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  • An interesting attempt to freshen up the adventure series format. This concerned the escapades of arms dealer Joe Hine.It fell flat on its face after only one season having been heavily criticized for having an arms dealer as the hero. It did however enlighten viewers at the time, for showing arms dealers not as grubby miscreants living in the back of beyond, but educated, suited and booted 'Joe Hines'. The titles would be the first point of any annoyance by its critics, it showed Joe in his Rolls Royce indicating he has done very well in selling guns and ordinance.However (perhaps in response to the criticism?), Hine does meet his match in the final episodes,with something none of us can fight. IE The Inland Revenue a tense battle, the result of which will not be spoiled here.The show itself was mostly studio bound concentrating on the drama of the deals rather than action with guns. Good first lead for Barrie Ingham and good last lead for Colin Gordon.
  • Warning: Spoilers
    This is such a difficult series to review. I ordered it thinking it was a typical 70's cop show, murder mystery etc. Not so, the series focuses on Joe Hine, a smartly dressed, articulate, professional man who's an arms dealer. Each episode sees him in a different situation, squaring up to the competition, dealing with corruption, blackmailers, Poiliticians etc.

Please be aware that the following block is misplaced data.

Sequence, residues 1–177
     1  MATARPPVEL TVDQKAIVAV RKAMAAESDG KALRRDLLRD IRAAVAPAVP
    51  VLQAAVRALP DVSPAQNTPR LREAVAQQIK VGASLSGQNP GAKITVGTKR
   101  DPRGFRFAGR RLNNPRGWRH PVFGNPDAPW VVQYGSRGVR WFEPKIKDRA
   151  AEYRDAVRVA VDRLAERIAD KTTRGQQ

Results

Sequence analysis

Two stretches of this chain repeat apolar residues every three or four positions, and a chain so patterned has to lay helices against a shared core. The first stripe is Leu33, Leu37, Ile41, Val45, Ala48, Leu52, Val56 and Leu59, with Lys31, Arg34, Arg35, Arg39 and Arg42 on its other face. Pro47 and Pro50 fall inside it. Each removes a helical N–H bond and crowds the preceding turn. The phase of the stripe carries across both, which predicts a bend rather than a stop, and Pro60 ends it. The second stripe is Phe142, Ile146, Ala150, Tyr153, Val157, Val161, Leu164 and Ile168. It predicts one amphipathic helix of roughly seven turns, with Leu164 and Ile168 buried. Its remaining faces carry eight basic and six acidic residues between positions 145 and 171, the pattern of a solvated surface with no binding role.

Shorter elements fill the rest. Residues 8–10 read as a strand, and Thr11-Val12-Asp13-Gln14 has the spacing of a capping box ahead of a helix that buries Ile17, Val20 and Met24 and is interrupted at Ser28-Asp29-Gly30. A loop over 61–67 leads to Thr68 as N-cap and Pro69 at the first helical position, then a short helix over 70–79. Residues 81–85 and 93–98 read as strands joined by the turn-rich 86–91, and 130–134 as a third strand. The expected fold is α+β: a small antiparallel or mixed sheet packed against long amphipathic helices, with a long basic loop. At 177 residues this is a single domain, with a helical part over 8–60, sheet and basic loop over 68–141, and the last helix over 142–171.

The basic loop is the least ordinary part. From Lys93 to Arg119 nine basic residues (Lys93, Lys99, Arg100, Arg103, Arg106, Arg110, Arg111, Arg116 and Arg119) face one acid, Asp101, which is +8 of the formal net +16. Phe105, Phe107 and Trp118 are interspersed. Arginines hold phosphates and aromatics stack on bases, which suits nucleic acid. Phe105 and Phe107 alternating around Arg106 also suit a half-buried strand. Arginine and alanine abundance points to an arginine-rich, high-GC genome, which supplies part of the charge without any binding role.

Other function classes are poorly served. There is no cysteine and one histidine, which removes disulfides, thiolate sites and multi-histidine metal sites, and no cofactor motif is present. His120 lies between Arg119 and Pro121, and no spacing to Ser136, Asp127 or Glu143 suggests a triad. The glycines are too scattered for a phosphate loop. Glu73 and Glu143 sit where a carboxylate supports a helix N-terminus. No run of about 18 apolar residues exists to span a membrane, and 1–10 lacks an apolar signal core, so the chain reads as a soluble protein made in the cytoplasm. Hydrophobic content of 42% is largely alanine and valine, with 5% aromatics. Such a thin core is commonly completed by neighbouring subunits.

The whole concept of this show in today's world seems virtually impossible, but 1971 was a completely different time. When it was originally transmitted I can see that it would have been very controversial, and perhaps too high brow. I find it disappointing that a Second Series wasn't commissioned.

    I enjoy 70's dramas, I certainly enjoyed watching these, some episodes are definitely more enjoyable then others, I find the opening episode a little flat, they definitely gather momentum as they progress.

    Barrie Ingham is well cast and enjoyable as the lead role, he's almost an anti hero, considering that he's smartly dressed, sophisticated etc he seems even more at odds with the typical lead character back in the day. Paul Eddington as always is wonderful, he's great heading up the supporting cast.

    I'd say worth a look, just know what you're getting. 8/10
  • "Hine" only lasted 1 series and it quickly faded into obscurity. There isn't much to recommend this one (certainly not Barrie Ingham's rug). The whole thing is studio-bound and the writing never rises above routine. Colin Gordon is a good actor and he gives the best performance. The year after "Hine" was broadcast, he suddenly passed away and he wasn't very old.